Vital to stay on top of milk quality
ACHIEVING a low average cell count requires continuous effort, says Dorset herdsman Gary Harding. He is winner of the south-west large herds section of the Barclays Bank/NMR quality milk competition with an annual average of 37,000 cells/ml for his 125-cow herd.
He has been herdsman on David Foots Marsh Dairy, Littlemoor, Dorset, for 12 years.
Introducing Dairymaster automatic slurry scrapers set to clean the cubicle passageways 12 times a day, and daily bedding of the cubicles with chopped straw made a big difference to milk quality. But Mr Harding still spends time every day making sure the cubicles are clean, and scattering hydrated lime – a handful to three cubicles – once a week at the heelstone end.
Milking equipment is maintained regularly and checked annually using the full range of static and dynamic tests. The milking routine does not include taking foremilk, but teats are sprayed with teat dip.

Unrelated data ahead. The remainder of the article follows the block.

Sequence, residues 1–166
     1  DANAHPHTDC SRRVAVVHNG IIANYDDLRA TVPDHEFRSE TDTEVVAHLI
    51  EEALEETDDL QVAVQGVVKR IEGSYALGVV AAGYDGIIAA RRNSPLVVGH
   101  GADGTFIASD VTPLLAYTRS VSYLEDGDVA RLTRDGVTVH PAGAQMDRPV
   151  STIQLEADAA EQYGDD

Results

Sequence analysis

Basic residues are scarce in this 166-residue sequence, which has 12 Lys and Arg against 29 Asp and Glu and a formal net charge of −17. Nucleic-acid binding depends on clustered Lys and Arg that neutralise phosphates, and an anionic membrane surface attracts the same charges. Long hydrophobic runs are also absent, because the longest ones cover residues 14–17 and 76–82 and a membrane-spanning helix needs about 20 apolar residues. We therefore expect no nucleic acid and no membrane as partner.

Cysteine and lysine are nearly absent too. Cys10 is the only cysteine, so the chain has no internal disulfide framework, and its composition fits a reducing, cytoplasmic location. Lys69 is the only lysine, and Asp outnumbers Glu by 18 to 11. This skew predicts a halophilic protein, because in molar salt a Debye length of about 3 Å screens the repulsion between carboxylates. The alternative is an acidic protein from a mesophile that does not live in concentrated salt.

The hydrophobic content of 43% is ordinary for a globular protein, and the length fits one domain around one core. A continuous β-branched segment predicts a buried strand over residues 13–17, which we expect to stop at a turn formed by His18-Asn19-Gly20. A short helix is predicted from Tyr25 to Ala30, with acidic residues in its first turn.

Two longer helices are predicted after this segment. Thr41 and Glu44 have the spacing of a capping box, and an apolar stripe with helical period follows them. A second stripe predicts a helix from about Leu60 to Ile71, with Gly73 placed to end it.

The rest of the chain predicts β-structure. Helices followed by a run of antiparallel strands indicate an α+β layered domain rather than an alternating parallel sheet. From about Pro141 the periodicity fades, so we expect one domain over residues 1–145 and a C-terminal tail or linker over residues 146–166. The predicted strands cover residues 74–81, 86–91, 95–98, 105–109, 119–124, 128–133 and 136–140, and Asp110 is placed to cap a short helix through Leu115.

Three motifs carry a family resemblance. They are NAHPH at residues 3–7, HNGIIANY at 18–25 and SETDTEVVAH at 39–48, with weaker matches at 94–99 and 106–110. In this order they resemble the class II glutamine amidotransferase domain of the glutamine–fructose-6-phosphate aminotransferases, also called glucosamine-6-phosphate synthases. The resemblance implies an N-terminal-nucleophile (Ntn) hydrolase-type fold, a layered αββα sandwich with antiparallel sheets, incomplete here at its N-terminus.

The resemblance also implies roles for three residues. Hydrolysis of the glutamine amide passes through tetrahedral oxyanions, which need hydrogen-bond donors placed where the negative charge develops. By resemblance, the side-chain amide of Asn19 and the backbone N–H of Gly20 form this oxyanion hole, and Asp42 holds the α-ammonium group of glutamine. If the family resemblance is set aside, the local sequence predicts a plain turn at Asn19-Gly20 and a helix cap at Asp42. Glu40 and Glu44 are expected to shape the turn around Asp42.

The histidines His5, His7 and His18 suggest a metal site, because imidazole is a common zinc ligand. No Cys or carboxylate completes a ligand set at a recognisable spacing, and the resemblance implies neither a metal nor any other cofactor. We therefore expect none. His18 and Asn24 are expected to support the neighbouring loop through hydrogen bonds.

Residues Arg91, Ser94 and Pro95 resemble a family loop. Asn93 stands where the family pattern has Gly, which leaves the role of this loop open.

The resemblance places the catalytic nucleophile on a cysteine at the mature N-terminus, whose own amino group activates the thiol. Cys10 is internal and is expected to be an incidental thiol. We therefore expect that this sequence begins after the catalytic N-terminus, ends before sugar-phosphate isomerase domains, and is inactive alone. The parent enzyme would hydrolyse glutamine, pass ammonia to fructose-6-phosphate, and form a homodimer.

Monthly cell counts are done by NMR on milk samples taken from each cow. Mr Harding thinks they are a good indication of sub-clinical mastitis infections.
When a cows cell count is over 400,000/ml but no clinical signs of mastitis can be found, no immediate action is taken. But when her next cell count is also high then the bacteria involved are identified and appropriate antibiotic treatment given in all four quarters for three consecutive milkings.
Once a cow has had more than three courses of antibiotics – whether for clinical mastitis or for sub-clinical as indicated by high cell counts – she will be culled. But that is only necessary for three or four cows a year.
"We are not achieving a low cell count by a high culling rate," he emphasised to visitors on a recent farm walk at Marsh Dairy.
• The herds NMR average is 7120kg at 4.02% fat and 3.17% protein. Current rolling margin over concentrates is £1305/cow, and margin over purchased feed and fertiliser is £3042/ha (£1232/acre).